My first print magazine assignment at Internet Retailer was about Bitcoin, the alternative digital currency, and how it might affect the e-retail industry.
Farbod Shoraka, the CEO of online floral marketplace BloomNation, first learned in January about Bitcoin, a digital currency that can be used to pay for products and services on the Internet. Shoraka says he was intrigued by the digital currency because he felt Bitcoin is doing for currency what BloomNation hopes to do for the online floral industry. In a word, disruption.
“Bitcoin is so innovative and disruptive to the credit card industry and the currency industry in general,” Shoraka says. “We saw an immediate attraction to it.”
Bitcoin is the name of the currency system; a bitcoin is the monetary unit of the system. Bitcoin is a decentralized—meaning no one organization regulates it—digital currency that buyers and sellers exchange over the Internet, with no bank involvement. The value of all the bitcoins on the market at the end of the first quarter of 2014 was estimated at $6.45 billion, according to CoinMarketCap.com, which tracks the valuations of virtual currencies across major exchanges. That value changes as new bitcoins enter into circulation and as the currency’s value itself fluctuates.
BloomNation began using Coinbase Inc., a 2-year-old company that provides payment gateway services to merchants, just before Valentine’s Day to take and process Bitcoin payments. (E-retailers can accept bitcoins without using vendor services, but to turn them into U.S. dollars, as many e-retailers do, would require them to develop an in-house payment processing program.) That timing was no coincidence, Shoraka says. “Men purchase during Valentine’s Day,” he says, “and Bitcoin is heavily used by men.” A 2013 survey of Bitcoin users by University College London found that more than 95% of Bitcoin users are male.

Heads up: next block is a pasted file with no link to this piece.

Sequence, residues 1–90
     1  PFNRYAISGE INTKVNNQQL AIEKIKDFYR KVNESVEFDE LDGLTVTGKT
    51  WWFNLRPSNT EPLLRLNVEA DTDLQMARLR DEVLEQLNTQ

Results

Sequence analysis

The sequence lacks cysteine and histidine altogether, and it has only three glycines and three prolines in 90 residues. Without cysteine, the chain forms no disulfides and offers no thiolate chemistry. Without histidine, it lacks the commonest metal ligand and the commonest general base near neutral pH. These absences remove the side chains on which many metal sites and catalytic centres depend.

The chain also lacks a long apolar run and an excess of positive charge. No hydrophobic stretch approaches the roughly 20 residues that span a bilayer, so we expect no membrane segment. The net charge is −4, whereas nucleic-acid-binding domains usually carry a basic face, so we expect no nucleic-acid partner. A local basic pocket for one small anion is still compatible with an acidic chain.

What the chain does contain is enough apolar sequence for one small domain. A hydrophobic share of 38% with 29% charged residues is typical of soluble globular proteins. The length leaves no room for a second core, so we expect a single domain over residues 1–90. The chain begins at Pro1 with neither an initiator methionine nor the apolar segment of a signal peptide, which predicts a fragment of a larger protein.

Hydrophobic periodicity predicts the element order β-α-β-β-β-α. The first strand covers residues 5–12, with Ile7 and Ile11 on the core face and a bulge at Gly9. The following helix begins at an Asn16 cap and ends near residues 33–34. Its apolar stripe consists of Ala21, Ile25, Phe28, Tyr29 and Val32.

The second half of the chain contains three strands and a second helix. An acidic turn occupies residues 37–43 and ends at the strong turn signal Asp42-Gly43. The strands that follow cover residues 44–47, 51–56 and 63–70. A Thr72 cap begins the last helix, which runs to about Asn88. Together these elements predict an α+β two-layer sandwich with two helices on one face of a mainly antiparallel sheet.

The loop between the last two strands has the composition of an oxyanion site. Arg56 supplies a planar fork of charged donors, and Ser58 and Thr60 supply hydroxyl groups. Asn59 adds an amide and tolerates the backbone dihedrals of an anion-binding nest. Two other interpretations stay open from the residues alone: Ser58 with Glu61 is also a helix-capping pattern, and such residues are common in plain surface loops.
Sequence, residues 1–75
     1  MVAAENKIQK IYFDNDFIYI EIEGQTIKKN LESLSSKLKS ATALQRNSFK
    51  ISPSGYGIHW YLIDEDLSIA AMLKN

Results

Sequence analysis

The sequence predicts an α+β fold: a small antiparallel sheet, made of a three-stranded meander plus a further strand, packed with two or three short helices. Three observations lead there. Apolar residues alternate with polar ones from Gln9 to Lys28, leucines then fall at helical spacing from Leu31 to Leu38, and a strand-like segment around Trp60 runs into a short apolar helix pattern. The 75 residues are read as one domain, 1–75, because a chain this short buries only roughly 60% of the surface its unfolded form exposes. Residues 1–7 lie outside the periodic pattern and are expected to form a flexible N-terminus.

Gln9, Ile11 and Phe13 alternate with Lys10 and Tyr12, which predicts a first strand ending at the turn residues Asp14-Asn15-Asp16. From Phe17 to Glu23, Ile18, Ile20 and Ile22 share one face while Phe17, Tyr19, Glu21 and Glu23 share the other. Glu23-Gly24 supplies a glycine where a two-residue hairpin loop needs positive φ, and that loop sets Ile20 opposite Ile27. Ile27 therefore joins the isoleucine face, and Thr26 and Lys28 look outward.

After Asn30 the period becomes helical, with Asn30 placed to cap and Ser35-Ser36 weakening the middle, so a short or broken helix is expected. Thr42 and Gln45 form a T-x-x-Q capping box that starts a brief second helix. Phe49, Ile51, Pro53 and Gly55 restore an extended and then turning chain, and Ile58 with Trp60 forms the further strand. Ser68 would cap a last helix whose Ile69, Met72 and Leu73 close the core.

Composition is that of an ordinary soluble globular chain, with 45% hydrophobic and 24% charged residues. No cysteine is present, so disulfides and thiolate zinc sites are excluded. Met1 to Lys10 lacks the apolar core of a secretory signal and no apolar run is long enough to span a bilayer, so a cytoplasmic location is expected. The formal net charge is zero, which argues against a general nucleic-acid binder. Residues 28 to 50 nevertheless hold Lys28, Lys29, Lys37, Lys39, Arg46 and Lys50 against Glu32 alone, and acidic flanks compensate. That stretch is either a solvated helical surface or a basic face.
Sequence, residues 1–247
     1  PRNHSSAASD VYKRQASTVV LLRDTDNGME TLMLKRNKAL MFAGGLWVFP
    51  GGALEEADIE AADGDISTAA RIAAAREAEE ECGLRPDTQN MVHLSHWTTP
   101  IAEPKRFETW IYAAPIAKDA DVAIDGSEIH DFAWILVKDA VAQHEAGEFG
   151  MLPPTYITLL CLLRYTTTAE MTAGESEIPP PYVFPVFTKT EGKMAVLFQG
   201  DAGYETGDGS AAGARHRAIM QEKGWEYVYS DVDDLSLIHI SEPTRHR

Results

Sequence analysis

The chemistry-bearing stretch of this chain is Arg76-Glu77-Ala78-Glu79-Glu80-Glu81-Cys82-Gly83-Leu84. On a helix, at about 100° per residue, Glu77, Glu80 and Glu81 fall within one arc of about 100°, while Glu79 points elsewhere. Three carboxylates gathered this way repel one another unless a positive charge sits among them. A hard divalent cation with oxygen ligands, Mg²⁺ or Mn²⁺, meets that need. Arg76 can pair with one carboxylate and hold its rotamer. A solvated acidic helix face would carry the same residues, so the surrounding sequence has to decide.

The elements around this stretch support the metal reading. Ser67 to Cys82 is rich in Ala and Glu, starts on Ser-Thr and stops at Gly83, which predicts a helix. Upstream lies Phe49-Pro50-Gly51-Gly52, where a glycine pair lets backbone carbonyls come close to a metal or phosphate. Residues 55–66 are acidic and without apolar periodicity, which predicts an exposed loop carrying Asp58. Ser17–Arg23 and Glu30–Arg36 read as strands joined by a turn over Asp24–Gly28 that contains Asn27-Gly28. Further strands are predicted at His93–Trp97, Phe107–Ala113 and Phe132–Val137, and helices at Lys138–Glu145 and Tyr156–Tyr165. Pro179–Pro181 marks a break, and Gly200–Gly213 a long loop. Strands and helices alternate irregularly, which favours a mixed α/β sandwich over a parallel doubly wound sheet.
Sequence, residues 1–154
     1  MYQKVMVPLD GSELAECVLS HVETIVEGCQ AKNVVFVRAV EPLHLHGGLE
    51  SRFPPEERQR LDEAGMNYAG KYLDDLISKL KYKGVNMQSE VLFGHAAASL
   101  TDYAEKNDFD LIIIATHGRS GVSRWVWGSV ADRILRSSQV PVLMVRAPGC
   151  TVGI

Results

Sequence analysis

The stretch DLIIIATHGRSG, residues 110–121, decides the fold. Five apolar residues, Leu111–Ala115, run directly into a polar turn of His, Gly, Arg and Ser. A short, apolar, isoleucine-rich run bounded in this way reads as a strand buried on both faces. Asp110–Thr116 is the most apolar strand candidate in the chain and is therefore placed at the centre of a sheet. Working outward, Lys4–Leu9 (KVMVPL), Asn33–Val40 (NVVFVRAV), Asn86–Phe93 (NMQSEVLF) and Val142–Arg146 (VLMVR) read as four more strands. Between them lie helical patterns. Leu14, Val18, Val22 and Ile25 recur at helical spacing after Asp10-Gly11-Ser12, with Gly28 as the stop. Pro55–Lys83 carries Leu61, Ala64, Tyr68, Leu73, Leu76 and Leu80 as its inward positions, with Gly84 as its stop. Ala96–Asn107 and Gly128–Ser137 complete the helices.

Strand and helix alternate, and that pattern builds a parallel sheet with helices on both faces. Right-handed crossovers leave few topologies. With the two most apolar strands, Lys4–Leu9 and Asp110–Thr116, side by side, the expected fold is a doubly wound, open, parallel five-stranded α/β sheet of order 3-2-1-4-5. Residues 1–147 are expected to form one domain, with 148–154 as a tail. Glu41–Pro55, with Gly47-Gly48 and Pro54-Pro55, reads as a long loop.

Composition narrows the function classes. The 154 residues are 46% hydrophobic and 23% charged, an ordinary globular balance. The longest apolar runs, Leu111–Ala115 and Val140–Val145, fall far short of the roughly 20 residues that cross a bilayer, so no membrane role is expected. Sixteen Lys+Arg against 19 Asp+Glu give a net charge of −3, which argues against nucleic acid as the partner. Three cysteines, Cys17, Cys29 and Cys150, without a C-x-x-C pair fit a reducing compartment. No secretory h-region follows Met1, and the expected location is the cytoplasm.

For BloomNation, Bitcoin is paying off, although Shoraka admits that the number of customers paying with bitcoins is small, and the Valentine’s Day transactions amounted to only several thousand dollars. But he says Bitcoin customers during the Valentine’s Day shopping season spent an average of $150 while customers using more traditional payment methods spent $100—a 50% difference. “We’ve seen that trend continue,” Shoraka says.
Several other e-retailers have started accepting bitcoins and note the low payment processing fees offered by bitcoin payment vendors, Bitcoin’s early-adopter community and irreversible transactions. But Bitcoin’s small user base means the benefits at this time are negligible, and some experts say that—combined with its volatility—means mainstream adoption of bitcoins by e-retailers is far off, if it happens at all. However, others say Bitcoin and other virtual currencies may be e-retailers’ first real opportunity to reduce their reliance on, and fees paid to, banks and traditional payment processors.